The Connection between Protest and Commons

Muhammad Hamza Kalim

It is a testament to how awful this year has been that the campus protests seem like ages ago. Lest we forget, we had an actual walk out arranged a day ahead of Halloween on campus. It wasn’t nearly as impressive as the protests at Middlebury or Yale,  but it was something. 

Sometimes, the ‘choices’ we make to act are better than overt neglect. A well circulated poster from the @batesstudentgov Instagram handle read, “Silence is Violence.” This article isn’t specifically about my opinions on the matter of the protest, but the reader should know I was conflicted about it. I engaged some people personally (including the chief organizers) to discuss the merits of boycotting class on the 30th. And while the exhausting ‘he said, she said’ is not worth iterating, in a last ditch effort to consolidate an agreement in our debate, I offered to sleep in for my 8 am. Which, my interlocutor seemed to obliquely approve of. As I went to bed on Oct. 29, I couldn’t help chuckling to myself and a friend: it is terribly convenient one can both protest structural bigotry and catch up on some much needed sleep at the same time. Felt like a funny ‘choice.’

I promise to come back to the protests eventually. But first, consider General Tso’s Chicken: Deep fried, sweet chicken served with freshly boiled jasmine rice and soy sauce. I join a large number of fellow Bobcats in proclaiming it to be a Commons favourite, proven by the long queues in Commons on Wednesday nights. In fact, when I’m away from Bates, part of what I will nostalgically recall is the Wednesday night dinner menu. 

Now some might disagree: They will say it is the Hamburger Fridays, or the BBQ Pizza Sundays, or the Pad Thai Tuesdays. Regardless, everyone has a favorite menu day. What is more interesting about Wednesday night’s food, though, is that while General Tso’s chicken is reliably good, the jasmine rice is always a little too sticky. It’s undercooked or overcooked. It’s cold or falling apart. I find that the rice more often than not can serve as the spoiler. And while it’s true everyone has a favorite Commons day, what is more true is that everyone has a Commons complaint.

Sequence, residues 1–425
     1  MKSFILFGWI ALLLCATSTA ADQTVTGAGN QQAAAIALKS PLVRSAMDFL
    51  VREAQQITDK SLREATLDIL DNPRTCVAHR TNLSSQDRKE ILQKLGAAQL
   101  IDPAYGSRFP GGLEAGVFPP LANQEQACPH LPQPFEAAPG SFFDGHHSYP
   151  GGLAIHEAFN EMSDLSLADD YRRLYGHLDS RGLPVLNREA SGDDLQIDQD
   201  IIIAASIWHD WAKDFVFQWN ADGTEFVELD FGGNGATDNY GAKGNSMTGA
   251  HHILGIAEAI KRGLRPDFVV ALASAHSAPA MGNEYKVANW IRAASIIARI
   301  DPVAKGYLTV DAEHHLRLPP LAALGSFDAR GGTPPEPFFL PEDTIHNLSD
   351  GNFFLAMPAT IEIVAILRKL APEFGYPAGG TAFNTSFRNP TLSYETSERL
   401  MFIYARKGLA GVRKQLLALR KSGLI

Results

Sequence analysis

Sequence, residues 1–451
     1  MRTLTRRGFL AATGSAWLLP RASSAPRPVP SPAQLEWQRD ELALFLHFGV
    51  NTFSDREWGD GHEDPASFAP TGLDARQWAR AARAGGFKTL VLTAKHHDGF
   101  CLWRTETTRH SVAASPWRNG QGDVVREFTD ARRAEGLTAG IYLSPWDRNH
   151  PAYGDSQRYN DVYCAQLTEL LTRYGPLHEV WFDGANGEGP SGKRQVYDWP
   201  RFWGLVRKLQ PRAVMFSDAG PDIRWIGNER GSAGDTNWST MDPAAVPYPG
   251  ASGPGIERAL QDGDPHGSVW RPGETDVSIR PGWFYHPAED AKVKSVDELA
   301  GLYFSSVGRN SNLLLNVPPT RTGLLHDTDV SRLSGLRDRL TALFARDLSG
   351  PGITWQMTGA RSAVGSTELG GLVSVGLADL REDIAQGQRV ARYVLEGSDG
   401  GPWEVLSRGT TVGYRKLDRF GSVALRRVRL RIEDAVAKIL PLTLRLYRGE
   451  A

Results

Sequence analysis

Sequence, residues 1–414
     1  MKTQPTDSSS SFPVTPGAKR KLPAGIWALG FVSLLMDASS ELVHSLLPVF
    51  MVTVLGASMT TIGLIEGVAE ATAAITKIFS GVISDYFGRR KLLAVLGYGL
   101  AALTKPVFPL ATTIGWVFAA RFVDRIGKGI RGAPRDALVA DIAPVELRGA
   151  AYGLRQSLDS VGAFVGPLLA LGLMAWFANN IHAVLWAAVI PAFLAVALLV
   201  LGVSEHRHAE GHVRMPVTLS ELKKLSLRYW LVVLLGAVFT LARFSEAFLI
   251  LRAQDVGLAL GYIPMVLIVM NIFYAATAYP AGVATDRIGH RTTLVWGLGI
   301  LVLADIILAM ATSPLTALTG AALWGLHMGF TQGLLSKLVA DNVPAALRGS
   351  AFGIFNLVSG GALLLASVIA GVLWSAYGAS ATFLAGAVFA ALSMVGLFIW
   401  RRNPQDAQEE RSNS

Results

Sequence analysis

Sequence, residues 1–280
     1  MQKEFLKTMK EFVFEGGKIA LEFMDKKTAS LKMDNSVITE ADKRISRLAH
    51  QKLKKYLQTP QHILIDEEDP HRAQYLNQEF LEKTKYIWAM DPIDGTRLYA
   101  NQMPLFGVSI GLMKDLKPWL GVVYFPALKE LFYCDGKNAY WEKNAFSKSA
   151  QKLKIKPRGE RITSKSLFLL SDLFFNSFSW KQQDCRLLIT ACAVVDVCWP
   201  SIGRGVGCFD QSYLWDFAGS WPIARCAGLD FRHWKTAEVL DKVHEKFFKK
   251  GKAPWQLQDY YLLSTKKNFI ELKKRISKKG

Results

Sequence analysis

You hear about it at food gatherings, dinner tables, club meetings, or even in small talk in elevators. An indisputable fact about Bates campus life is that Bobcats love to hate on Commons. It transcends groups that otherwise will never mix: upper class, lower class, athletes, international students, democrats, libertarians, and republicans. It’s beautiful, really. 

But when you think about it for more than two minutes, you realize that the one opinion that we seem to universally agree upon is the most ridiculous, out of perspective notion, by any metric. Bates has some of the best college food in the whole country, and by extension in the whole world. Niche’s 2021 college food rankings puts Bates at number 10 among all US colleges. If food here sucks, food at, say, the University of Southern Kentucky must really, really suck. They probably have to skip meals and starve to sleep. It must be carnage out there! Truth is, whether we acknowledge it or not, Bates invests a lot in its dining hall to spit out the food we are used to; Justified or not is a separate question. 

Let’s momentarily shift our focus to a different New England, liberal, elite college dining hall. Gordon Commons, at Vassar College, is in one respect very similar to our Commons, in that it attracts a lot of scrutiny from its student body. But that’s where the resemblance ends – because apparently the food at Vassar actually sucks, and not in the elitist out of touch way we complain about ours. Students complain about finding industrial sized staples in their spinach kale stir fry. Others complain about lack of variety of taste. And a common complaint appears to be that the food causes indigestion. Nothing that Bates can lay claim to. The food there, based on student reports, is genuinely bad. And the aforementioned Niche rankings reflect that by putting it at 426 among US colleges, just 416 ranks below Bates.